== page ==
An admirable feat of artistic production, The World to Come takes us on an unexpected journey through two marriages in the 19thCentury full of grief and ineptitude lit up by an uncommon love. The two couples live on isolated farms in New York. We first meet Abigale (Waterston) and Dyer (Affleck) who live a seemingly ideal life on a mostly prosperous farm with their young daughter. Well, it’s not really ideal; Abigale, a writer with keen sensitivities, finds her reticent, mechanically minded husband rather dull. She is nurturing, and he values her care and tells her as best he can, but she clearly feels something missing, especially after the loss of their daughter.
Then one day her closest neighbor Tallie (Kirby) visits unexpectedly, and the two strike up a friendship. Their conversations are typical of housewives of the time, and inevitably touch on their husbands. But there’s a spark, a spark that is felt not only just between the two women, but it reverberates outward through their small group.
The writer Jim Shepard is known for his wide-ranging research of subjects he’s interested in as well as his fascination with difficult-to-explore emotions. Most striking in The World to Come are the number of times husbands and wives cannot seem to express what they’re feeling. For the women, it’s circling around without committing too much; for the men, its terse monosyllabic utterances. The way out in this story are the poetic musings of the women when they talk with each other when they’re alone. And by the excitement the women feel when they meet contrasted with the pedantry characteristic of the men’s conversations when they converse and even when they talk with their wives. Much of this production’s success lies in Shepard’s capturing the emotional valence among the characters, leaving the viewer in suspense.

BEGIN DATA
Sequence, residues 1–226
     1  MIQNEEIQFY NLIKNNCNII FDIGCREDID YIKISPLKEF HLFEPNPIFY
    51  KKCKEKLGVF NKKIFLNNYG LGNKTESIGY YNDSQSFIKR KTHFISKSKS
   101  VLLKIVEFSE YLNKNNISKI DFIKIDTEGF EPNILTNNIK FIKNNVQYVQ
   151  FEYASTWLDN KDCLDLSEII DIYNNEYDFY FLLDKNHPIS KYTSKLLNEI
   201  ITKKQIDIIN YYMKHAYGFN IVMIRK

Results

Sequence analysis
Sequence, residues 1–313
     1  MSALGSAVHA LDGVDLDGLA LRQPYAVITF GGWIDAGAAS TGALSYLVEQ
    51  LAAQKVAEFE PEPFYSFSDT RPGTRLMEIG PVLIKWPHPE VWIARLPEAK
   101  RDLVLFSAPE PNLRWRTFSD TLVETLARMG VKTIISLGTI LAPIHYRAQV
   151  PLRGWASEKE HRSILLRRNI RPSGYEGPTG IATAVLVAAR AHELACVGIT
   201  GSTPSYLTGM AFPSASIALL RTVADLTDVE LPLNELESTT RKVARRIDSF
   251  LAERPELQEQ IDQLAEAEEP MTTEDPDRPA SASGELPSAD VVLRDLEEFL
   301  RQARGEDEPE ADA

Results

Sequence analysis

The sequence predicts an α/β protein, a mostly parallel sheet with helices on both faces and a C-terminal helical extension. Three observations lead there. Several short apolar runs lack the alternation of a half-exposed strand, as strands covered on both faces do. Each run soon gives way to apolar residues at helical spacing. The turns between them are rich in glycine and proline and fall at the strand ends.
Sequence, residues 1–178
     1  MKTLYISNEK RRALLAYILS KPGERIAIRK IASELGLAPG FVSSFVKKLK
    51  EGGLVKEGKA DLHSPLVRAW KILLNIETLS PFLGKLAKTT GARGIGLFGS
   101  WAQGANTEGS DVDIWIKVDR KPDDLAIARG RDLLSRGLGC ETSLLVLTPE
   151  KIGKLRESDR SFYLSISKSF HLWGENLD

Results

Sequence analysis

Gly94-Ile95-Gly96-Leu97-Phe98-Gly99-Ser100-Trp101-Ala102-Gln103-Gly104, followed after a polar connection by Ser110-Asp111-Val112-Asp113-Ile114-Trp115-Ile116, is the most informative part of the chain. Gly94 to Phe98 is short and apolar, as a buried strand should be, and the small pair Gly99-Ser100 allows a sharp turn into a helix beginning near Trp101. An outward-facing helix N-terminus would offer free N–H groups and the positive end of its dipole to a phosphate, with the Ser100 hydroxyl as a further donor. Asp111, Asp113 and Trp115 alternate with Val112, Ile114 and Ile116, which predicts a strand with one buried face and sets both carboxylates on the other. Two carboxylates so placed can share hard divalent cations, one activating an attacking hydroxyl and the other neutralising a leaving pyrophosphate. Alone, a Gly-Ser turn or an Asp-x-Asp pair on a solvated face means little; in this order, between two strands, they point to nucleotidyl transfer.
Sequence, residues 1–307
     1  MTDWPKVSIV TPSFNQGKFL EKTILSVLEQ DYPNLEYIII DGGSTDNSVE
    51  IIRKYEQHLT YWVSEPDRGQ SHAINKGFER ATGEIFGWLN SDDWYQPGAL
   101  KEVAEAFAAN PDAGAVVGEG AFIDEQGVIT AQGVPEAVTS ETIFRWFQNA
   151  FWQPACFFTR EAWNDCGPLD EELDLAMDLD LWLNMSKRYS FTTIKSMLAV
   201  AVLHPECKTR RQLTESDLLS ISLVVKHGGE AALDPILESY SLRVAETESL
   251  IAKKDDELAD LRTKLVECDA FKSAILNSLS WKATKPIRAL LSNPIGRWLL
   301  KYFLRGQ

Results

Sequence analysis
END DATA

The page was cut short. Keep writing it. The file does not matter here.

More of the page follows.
Director Mona Fastvold’s skillful assemblage of actors and crew for the production should earn her a place among the up-and-coming filmmakers, along with her sense of pace and sustaining suspense in the plot. Katherine Waterston, Vanessa Kirby, and Casey Affleck are by now well known for their skill and attraction as leading actors, and they with Christopher Abbott deliver the kind of performance called for by the script. A significant contribution is lent by the musician Daniel Blumberg, with his dirge-like ominous tunes alternated with Andre Chemetoff’s beautifully rendered pastoral sequences to capture the landscape and give us some relief
This could have been a totally depressive film, but the lyrical—sometimes elegiac—dialog and cinematic crafts elevates it to something beyond, something more like a tonal poem. It’s certainly not tied solely to a 19thCentury story; it speaks to our wonderings and speculations about marriage today.
This is a film for lovers of art and poetic expression capturing psychological truths about human nature through the ages.
Grade: A By Donna R. Copeland